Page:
19 March 2016

China is creating its own Advanced Projects Research Agency

Written by Betty Laseter on 14 Mar 2016
United States has always remained a pioneer in space and technology sector. Past governments have always provided ample funding to NASA, DARPA and other scientific research agencies to test new technologies. In 1957, the Soviet Union launched its Sputnik satellite into orbit. To stay neck-on-neck with them, President Eisenhower formed the Advanced Projects Research Agency (ARPA) in 1958.
The name got a D for Defense as its starting alphabet in 1973. Since that time, DARPA-funded research has been a very important part of an extraordinary era of technological dominance, ranging from stealth technology to the Internet.
China is seemingly looking forward to attain a similar technological edge now. To achieve the same, the nation is working on its own agency on similar footprint of DARPA.

In a recent Science report, it has been mentioned that under President Xi’s reorganization of the armed forces for staying dedicated to five theaters of operation, China has come up with a new science and technology committee to run defense R&D.
The journal added that as per a spokesperson for China’s Ministry of Defense, dubbed in Chinese as asjunweikejiwei, the committee has been planned to meet the requirements of China’s military modernization.
The spokesperson mentioned that the committee will make management of defense S&T stronger, endorse native innovation in national defense, and synchronize integrated progress of military and civilian technologies.
The central government of China has planned to spend $147 billion on defense in 2016, and the amount set for defense R&D hasn’t been disclosed. Dennis Blasko, a former Army attaché at the US Embassy in Beijing, said, “Nobody knows how much is spent on military R&D”.

It is yet to be seen whether a similar project will work in such a tightly controlled Asian superpower as the People’s Republic of China. A vital part of DARPA’s strength lies in its link with businesses, not only defense giants, but also the tiny and agile companies that could have otherwise-undiscovered ideas.

According to a report in ScientificAmerican by Larry Greenemeier, "To stop a terrorist, it helps to think like one. The Defense Advanced Research Projects Agency (DARPA) is channeling that philosophy with its new Improv program that encourages engineers, entrepreneurs and tech enthusiasts to imagine how someone might repurpose commercially available devices as weapons. The Pentagon is even offering to fund the process so that some inventors can turn their ideas for hacked cell phones, model rocket motors, drones and other gadgets into prototypes."

The increasing sophistication and relentless pace of new technologies available via the Web make it impractical for DARPA to continue to rely exclusively on a small group of its own handpicked experts to identify new ways of using technology that might pose a national security threat, Improv project leader John Main said Wednesday at a press briefing. “Basically you can get undreamed of levels of technological capability by getting on Amazon and Alibaba today that wasn’t possible 10 or 15 years ago,” he added.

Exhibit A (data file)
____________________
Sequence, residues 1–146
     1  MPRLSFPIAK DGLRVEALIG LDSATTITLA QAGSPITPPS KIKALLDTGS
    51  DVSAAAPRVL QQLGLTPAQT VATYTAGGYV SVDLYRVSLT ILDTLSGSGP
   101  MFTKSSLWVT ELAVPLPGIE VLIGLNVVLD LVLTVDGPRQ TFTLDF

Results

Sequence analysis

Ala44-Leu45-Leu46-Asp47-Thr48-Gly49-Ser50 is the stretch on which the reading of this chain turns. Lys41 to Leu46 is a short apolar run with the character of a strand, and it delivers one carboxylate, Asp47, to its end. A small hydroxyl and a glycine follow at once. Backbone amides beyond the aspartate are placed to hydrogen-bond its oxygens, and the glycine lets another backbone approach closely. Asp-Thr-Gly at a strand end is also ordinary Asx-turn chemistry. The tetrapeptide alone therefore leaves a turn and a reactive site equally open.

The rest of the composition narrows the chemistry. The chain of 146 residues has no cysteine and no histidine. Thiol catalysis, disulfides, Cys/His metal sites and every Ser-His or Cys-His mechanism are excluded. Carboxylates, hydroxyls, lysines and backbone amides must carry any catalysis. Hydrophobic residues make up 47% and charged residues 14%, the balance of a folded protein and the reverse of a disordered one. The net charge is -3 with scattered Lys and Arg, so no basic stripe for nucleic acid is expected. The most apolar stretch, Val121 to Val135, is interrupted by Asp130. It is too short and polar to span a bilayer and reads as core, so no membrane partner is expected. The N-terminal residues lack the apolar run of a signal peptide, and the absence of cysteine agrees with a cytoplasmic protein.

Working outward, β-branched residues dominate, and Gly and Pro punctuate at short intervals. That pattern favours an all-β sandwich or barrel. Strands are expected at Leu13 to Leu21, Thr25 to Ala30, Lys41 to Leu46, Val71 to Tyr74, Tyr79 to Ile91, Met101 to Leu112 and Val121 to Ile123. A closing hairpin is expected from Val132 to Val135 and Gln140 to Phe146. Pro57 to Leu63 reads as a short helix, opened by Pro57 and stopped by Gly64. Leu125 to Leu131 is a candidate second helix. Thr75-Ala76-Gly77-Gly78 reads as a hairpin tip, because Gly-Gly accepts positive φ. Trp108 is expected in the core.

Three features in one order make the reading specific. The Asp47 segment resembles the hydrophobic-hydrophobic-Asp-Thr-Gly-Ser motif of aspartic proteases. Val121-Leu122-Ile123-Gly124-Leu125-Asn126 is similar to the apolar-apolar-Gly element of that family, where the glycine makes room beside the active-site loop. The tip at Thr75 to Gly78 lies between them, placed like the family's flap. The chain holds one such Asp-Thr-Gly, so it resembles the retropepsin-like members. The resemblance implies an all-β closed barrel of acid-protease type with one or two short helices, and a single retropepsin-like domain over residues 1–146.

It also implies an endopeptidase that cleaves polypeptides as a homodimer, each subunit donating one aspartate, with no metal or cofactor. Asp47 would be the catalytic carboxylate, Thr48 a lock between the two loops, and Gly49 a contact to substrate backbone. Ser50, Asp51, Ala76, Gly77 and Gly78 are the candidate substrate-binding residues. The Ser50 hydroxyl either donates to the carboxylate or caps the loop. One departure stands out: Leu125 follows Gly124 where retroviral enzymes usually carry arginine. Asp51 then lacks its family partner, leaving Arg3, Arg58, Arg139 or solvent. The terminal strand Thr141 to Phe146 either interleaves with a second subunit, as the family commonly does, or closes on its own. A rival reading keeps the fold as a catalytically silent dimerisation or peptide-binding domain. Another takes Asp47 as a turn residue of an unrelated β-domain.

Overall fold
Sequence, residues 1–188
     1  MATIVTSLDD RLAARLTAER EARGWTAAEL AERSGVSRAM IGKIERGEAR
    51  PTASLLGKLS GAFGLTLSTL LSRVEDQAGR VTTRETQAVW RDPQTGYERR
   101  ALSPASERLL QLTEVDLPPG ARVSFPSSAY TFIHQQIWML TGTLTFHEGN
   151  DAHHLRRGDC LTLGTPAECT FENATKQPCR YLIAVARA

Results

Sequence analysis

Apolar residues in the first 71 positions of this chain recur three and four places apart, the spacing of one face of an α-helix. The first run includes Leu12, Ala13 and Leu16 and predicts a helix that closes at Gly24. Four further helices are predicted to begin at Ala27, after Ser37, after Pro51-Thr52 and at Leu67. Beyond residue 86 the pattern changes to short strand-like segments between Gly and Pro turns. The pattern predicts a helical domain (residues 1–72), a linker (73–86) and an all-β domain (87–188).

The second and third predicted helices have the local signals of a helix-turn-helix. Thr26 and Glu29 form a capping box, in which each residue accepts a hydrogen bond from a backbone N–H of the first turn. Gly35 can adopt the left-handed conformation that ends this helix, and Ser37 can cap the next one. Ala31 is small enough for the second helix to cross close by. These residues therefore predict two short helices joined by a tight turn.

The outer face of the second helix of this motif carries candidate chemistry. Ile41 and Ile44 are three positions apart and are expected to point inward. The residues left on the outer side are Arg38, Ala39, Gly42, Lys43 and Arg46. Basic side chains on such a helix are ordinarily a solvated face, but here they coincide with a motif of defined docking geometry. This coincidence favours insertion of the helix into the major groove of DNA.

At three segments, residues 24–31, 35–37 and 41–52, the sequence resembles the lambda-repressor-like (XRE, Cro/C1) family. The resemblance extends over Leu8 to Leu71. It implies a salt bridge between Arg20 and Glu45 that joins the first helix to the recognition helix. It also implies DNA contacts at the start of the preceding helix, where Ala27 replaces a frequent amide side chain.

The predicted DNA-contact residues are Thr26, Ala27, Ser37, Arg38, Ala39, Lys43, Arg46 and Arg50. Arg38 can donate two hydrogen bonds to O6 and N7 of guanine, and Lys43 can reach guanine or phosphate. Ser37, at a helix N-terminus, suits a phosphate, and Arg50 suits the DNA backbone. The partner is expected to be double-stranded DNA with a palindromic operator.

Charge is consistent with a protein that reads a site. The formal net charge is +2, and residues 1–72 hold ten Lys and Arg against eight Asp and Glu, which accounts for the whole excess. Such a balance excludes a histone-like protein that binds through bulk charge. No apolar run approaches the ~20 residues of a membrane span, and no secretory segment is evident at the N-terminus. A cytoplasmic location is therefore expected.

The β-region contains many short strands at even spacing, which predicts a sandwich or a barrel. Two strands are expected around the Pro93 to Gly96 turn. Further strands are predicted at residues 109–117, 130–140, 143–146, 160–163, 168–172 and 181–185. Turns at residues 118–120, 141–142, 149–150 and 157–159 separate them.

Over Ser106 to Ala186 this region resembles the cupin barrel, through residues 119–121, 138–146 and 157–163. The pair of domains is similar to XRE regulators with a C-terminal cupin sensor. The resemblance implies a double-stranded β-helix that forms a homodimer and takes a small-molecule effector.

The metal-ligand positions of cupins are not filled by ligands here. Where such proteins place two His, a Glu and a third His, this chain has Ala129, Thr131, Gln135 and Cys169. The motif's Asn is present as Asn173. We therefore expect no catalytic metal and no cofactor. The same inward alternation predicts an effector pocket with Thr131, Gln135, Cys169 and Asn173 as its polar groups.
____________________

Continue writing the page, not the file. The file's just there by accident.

"Part of this broad-based hacker "red-teaming" of potential improvised threats is focused on what can be done within a tight budget and a tight deadline. Selected "performers" will compete against each other for a chance to build their prototype during a short DARPA-funded feasibility study phase (with up to $40,000 funding per individual awards). The performing teams will have only two weeks to construct a prototype once they've been chosen, with up to $70,000 additional funding and up to $20,000 for provisioning for the evaluation test," according to a news report published by NextBigFuture.

“DARPA’s mission is to create strategic surprise, and the agency primarily does so by pursuing radically innovative and even seemingly impossible technologies,” said program manager John Main, who will oversee the new effort. “Improv is being launched in recognition that strategic surprise can also come from more familiar technologies, adapted and applied in novel ways.”

In a report published by the Popsci, "Defense technology is a dialog, and it follows a rough script: the defense creates a new form of protection, and then the offense figures out a new and different way to get past it. It’s not a particularly clean dialog, and in combat people die when engineers get the answers wrong. DARPA, the Pentagon’s blue-sky future projects wing, has spent decades trying to figure out the right technologies for future war, so they can always have the right answers to the offense/defense conversation. With IMPROV, new project announced today, DARPA wants hobbyists to get rid of the script and figure out how to turn commercially available, off-the-shelf technologies into new weapons."

The search is limited to commercially available projects, which is a super broad category. Main defined it as “anything you could purchase and use, from cell phones to model rocket motors, to construction equipment, to dive equipment, to UAVs, to any sort of hobbyist equipment or sophisticated engineer equipment that’s available right now.” When asked if this was focused on cyber technologies, DARPA deferred, instead focusing on the physical threats that can be assembled from existing stuff people can buy off of Amazon or Alibaba.

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